Nurses fight childhood poverty by supporting new parents
Research suggests the root of these problems is stress, and low-income families are particularly vulnerable. "Economic stress is a particularly potent catalyst for a variety of family problems that contribute to the emotional and behavioral maladjustment in children," said Rand Conger, a professor at UC Davis who specializes in researching families' resiliency to economic pressure.
Conger's research on low-income families in rural Iowa shows that poverty impacts parenting style. Parents with low socio-economic status are more likely to display punitive behaviors such as yelling and shouting and less likely to display love and warmth through cuddling and hugging.
It's not that low-income parents don't want to lovingly and productively interact with their kids, but stress actually changes the brain's ability to respond to difficult situations, said Martha Wadsworth, a psychology professor at Penn State University.
When a person experiences stress, his or her prefrontal cortex — the part of the brain that regulates reasoning and impulse control — basically turns off. To deal with the situation, the person has to take cues from parts of the brain that function in more reactive and automatic ways. This is why parents are more likely to respond negatively to their kids when they are stressed out, Wadsworth says.
Stress impacts children's brains in devastating ways too. In stressful situations, kids' "fight or flight" response system is activated, Nadine Burke Harris, a San Francisco-based pediatrician, said in an interview with National Public Radio. In some homes, the children are in a near-constant state of emergency, and when that happens, their prefrontal cortex doesn't develop properly. Without a fully functional prefrontal cortex, it is more difficult for these children to concentrate on schoolwork, control their tempers or think through the consequences of certain actions.
The power of good parenting
To demonstrate the power of parenting and why it is so important particularly when children are small, consider a study done by researchers at McGill University in Montreal, Canada.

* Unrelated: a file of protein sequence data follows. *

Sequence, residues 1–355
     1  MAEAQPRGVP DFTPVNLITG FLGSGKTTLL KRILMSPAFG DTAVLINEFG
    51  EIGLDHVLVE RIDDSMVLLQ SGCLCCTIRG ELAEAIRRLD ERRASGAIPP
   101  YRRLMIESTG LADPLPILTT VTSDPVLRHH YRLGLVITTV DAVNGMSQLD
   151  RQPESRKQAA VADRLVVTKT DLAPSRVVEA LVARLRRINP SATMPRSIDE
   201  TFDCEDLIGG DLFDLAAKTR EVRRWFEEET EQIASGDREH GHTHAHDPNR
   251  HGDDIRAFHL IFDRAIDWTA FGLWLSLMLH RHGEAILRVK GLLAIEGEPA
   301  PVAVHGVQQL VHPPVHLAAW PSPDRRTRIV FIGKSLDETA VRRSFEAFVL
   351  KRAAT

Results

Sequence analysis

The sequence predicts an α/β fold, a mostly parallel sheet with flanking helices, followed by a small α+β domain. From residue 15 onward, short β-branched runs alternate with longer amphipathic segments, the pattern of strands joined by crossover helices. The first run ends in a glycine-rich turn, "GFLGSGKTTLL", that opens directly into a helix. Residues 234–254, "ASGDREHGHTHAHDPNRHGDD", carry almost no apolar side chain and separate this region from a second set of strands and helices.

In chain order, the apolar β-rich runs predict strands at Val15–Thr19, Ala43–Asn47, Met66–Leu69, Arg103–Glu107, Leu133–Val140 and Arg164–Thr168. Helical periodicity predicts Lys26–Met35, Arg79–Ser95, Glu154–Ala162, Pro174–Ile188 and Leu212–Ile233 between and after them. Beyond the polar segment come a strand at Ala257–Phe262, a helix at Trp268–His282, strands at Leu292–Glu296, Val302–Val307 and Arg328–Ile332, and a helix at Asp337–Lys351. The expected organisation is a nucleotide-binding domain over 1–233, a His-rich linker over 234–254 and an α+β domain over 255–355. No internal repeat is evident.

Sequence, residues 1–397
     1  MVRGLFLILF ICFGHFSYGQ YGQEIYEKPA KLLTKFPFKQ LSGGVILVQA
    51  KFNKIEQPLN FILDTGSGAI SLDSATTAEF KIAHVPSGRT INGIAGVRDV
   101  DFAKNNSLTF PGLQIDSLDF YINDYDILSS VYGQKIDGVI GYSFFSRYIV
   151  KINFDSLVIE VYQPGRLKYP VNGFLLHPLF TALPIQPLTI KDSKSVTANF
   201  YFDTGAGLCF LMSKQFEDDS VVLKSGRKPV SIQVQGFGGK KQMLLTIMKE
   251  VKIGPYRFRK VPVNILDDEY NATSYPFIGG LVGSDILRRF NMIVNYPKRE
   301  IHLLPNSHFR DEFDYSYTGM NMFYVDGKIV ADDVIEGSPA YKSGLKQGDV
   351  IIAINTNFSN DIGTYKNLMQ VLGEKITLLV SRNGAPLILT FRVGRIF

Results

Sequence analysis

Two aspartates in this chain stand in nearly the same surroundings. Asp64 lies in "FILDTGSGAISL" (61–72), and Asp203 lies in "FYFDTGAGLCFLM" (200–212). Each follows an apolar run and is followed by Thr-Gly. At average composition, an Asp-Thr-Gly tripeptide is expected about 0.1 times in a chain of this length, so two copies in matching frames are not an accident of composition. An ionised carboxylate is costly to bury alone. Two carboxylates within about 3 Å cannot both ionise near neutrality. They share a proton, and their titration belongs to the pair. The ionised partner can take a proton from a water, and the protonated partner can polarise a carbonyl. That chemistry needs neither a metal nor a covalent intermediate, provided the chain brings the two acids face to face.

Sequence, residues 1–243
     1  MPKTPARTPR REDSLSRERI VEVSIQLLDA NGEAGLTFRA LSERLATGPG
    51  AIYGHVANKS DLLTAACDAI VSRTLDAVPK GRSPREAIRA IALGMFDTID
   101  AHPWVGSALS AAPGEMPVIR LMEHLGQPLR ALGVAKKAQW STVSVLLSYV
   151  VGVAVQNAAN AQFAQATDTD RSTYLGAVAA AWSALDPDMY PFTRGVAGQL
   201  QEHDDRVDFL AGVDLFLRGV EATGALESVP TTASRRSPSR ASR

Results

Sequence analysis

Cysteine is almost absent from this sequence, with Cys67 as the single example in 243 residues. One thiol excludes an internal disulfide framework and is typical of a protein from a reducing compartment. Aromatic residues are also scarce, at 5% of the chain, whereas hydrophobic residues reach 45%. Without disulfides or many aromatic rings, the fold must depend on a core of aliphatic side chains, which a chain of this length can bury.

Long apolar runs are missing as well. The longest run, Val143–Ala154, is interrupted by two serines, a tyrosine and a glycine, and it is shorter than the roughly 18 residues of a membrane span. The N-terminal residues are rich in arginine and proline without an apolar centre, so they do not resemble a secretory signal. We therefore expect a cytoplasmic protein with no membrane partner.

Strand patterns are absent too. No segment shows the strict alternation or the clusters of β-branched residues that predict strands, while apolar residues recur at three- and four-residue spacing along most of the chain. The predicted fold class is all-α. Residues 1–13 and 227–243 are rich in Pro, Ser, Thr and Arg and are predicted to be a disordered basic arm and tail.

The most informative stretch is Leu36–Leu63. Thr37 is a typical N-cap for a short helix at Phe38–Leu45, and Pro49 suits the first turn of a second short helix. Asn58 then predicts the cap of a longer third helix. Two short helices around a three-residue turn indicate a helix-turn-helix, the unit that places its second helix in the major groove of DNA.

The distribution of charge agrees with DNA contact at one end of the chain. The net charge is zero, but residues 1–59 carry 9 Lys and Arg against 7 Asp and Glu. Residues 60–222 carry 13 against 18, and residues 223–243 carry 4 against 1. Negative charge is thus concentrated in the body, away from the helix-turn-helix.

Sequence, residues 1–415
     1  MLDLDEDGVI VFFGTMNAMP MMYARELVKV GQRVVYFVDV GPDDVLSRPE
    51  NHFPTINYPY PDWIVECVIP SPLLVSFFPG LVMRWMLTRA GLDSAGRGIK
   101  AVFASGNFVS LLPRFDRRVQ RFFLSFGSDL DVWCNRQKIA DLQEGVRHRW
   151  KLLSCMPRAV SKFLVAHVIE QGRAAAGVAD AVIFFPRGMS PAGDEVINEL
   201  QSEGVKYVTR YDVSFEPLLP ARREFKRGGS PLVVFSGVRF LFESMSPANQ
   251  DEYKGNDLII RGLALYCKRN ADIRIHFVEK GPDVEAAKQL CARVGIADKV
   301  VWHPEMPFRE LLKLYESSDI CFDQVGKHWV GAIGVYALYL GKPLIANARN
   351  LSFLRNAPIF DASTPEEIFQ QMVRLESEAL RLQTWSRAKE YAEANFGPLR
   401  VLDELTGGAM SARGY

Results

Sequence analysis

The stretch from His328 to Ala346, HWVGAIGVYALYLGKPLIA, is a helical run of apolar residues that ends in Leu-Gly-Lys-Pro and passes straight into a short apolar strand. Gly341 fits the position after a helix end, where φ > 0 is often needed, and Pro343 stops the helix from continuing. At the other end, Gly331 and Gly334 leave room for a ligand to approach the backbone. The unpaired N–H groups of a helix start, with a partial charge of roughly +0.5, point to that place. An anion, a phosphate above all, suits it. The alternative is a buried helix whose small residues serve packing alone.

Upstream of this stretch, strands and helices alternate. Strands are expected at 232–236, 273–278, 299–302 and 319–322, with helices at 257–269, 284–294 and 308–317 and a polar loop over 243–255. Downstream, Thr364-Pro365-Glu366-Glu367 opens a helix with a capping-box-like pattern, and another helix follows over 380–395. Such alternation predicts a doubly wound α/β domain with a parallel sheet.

These researchers noticed that some mother rats licked and groomed their babies while others did not. The mothers who engaged in this ritual were more likely to do it after graduate students handled their babies (in other words, when their babies were stressed out). Researchers found that rats who were licked and soothed as babies were more confident, did better in mazes, were more healthy and less fearful as adults than the rats who were not groomed by their mothers.
The human equivalent of grooming — cuddling and hugging — produces similarly positive outcomes. Numerous studies suggest that with humans, like with rats, good parenting can mitigate the effects of growing up in a stressful environment. When a parent is responsive to a child's needs, the child forms a secure attachment, which essentially protects it from the negative effects of stress on its body, according to Wadsworth's research.
Perhaps most promising, research suggests that good parenting can be taught.
Helping parents succeed
Kailey and Andrew were still in high school when they found out they were going to have a child. Their guidance counselor recommended they participate in a program to help first-time parents with limited resources prepare to be parents. "I wanted a better life for my baby than I had," Kailey said, explaining why she and her husband signed up.
Although they didn't know it at the time, what the Newtons signed up for was the oldest and most respected parental coaching programs in the nation: the Nurse Family Partnership. The 40-year-old federally funded program serves low-income, first-time parents. Registered nurses make home visits to patients during pregnancy, continuing until the child is 2. Their goal is to empower and educate parents whose children, by virtue of their family's stressful economic situation, are more at risk of suffering from neglect, abuse and behavioral disruption.
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